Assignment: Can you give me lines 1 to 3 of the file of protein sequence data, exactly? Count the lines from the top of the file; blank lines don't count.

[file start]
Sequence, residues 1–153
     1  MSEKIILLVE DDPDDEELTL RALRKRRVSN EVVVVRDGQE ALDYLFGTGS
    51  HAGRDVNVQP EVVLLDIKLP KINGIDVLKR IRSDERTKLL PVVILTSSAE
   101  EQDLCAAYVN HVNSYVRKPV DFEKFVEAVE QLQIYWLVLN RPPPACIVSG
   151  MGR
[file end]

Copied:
Sequence, residues 1–153
     1  MSEKIILLVE DDPDDEELTL RALRKRRVSN EVVVVRDGQE ALDYLFGTGS
    51  HAGRDVNVQP EVVLLDIKLP KINGIDVLKR IRSDERTKLL PVVILTSSAE